Simon's observations and warnings are well-considered, but is anyone really listening?

Owen Gray said...

Simon reminds us, Mound, that it was the tension between capital and labour that made for a healthy society.

When capital seeks to destroy labour, it brings down the whole edifice.

The Mound of Sound said...

No, Lorne, no one is listening and that holds true for us as much as any other country. We're going to push this until something breaks.

What we're watching unfold seems so much like Jared Diamond's description of societal collapse in the past - Easter Islanders, the Mayans. As he observes, societies collapse very abruptly and always at their peak.

It's a damned shitty thing we're doing to our kids.

The Mound of Sound said...

@ PLG - Marxism is an odd term, having been bundled and trade marked and used to describe a government style he probably would not have endorsed.

It's worthwhile studying the progressive era in the U.S. that began at the turn of the last century and extended, arguably, at least into the 1960s or 1970s. That movement was helped along by the Great Depression and by WWII which saw labour shortages in the U.S. that led to modern unionism. All three forces, according to writers like Gar Alperovitz, were essential to the rise of the American middle class in the post-war era.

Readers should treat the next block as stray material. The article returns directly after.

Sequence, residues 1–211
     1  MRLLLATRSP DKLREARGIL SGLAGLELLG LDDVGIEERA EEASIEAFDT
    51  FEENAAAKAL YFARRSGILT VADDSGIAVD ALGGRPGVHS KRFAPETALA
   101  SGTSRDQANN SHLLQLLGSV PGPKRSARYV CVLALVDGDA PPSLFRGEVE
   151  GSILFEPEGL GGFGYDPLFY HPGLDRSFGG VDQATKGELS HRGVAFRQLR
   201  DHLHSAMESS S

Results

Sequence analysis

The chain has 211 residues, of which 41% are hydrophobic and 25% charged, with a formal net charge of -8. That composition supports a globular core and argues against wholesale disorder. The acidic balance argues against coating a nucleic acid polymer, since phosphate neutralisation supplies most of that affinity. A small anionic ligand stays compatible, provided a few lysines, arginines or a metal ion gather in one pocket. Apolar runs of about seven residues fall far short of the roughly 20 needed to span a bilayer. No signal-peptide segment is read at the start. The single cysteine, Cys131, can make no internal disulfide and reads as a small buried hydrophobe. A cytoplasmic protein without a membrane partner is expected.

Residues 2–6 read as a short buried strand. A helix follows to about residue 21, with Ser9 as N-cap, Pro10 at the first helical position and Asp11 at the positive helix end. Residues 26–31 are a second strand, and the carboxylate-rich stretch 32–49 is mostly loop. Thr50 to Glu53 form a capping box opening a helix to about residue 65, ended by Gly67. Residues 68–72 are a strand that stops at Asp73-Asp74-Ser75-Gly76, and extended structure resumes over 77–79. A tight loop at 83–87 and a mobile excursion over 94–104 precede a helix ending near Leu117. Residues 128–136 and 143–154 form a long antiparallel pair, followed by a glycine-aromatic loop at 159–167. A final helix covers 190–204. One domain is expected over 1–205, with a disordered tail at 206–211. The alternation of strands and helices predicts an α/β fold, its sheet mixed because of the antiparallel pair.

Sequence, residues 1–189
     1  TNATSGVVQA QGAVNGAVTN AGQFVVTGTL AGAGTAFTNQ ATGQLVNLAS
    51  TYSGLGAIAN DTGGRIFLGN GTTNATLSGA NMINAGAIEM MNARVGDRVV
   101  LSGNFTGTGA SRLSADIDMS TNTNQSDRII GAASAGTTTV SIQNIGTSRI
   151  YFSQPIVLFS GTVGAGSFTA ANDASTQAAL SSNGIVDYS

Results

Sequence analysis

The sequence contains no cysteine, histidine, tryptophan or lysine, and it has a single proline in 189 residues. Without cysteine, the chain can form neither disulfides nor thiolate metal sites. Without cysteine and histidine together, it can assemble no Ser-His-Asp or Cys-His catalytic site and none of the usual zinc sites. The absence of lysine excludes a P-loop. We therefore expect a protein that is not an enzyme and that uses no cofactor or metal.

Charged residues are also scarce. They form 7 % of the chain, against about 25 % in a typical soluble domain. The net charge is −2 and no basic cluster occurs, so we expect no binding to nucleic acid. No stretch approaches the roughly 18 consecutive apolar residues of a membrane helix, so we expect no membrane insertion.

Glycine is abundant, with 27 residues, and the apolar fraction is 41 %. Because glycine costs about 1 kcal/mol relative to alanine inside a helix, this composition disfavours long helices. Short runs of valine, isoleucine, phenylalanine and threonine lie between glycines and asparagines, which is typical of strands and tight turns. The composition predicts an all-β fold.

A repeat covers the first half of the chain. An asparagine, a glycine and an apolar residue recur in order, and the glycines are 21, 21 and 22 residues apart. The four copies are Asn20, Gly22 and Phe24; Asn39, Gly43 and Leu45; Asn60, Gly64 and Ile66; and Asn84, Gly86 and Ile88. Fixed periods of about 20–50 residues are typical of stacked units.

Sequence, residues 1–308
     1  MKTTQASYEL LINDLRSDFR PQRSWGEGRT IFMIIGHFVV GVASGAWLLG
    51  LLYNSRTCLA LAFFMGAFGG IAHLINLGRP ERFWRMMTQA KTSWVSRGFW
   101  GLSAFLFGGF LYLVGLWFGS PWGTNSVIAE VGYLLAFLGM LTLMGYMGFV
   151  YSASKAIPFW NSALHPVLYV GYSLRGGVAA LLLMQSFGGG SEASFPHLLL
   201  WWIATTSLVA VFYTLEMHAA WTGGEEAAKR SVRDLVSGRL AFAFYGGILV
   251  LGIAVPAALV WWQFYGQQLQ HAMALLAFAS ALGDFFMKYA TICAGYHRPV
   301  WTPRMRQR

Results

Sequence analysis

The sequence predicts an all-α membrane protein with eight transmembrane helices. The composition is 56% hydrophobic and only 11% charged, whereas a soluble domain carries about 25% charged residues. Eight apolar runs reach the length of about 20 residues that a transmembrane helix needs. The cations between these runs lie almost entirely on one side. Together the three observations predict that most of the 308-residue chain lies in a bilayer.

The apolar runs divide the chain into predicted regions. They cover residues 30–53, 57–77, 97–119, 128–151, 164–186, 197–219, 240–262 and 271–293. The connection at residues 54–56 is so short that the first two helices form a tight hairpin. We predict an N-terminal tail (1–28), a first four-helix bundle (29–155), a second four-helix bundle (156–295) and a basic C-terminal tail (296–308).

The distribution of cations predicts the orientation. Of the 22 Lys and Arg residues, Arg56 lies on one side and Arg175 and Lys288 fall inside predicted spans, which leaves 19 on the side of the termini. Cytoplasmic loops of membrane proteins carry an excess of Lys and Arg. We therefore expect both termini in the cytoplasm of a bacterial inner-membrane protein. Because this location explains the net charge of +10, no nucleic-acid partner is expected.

This time, however, capital has 'captured' the political process to the 'bought and paid for' Congress to the decidedly corporatist Supreme Court.

BTW, at the risk of urging you to read yet another book, you might find it interesting to glance through Alperovitz' "What then must we do?" in which he outlines how worker co-operatives are catching on and succeeding in the U.S.

The Mound of Sound said...

@ Owen. It makes you wonder why the Libs and NDP aren't championing collective bargaining rights. Unionism is being clubbed with a cudgel and the parties that should be populist are watching, mute, from the sidelines.

Purple library guy said...

Heheh. Yes, actually, that is one that I really should put my hands on. Cheerio!